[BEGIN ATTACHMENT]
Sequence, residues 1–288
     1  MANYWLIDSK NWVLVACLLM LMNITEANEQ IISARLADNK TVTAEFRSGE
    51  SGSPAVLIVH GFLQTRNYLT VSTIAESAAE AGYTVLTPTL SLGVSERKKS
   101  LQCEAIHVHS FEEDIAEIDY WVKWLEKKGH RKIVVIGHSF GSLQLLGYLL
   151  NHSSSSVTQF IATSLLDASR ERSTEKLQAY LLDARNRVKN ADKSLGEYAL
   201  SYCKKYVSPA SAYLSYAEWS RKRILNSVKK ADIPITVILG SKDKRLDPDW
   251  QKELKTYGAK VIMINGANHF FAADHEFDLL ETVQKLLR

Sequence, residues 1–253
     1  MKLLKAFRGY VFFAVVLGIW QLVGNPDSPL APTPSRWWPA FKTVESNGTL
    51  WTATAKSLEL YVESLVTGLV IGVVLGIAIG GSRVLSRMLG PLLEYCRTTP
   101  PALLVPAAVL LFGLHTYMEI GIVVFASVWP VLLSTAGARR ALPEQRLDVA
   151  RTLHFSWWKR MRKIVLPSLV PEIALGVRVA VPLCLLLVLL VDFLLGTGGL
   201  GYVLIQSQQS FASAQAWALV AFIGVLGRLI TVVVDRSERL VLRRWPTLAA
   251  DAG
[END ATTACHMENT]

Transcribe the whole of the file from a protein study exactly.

Sequence, residues 1–288
     1  MANYWLIDSK NWVLVACLLM LMNITEANEQ IISARLADNK TVTAEFRSGE
    51  SGSPAVLIVH GFLQTRNYLT VSTIAESAAE AGYTVLTPTL SLGVSERKKS
   101  LQCEAIHVHS FEEDIAEIDY WVKWLEKKGH RKIVVIGHSF GSLQLLGYLL
   151  NHSSSSVTQF IATSLLDASR ERSTEKLQAY LLDARNRVKN ADKSLGEYAL
   201  SYCKKYVSPA SAYLSYAEWS RKRILNSVKK ADIPITVILG SKDKRLDPDW
   251  QKELKTYGAK VIMINGANHF FAADHEFDLL ETVQKLLR

Sequence, residues 1–253
     1  MKLLKAFRGY VFFAVVLGIW QLVGNPDSPL APTPSRWWPA FKTVESNGTL
    51  WTATAKSLEL YVESLVTGLV IGVVLGIAIG GSRVLSRMLG PLLEYCRTTP
   101  PALLVPAAVL LFGLHTYMEI GIVVFASVWP VLLSTAGARR ALPEQRLDVA
   151  RTLHFSWWKR MRKIVLPSLV PEIALGVRVA VPLCLLLVLL VDFLLGTGGL
   201  GYVLIQSQQS FASAQAWALV AFIGVLGRLI TVVVDRSERL VLRRWPTLAA
   251  DAG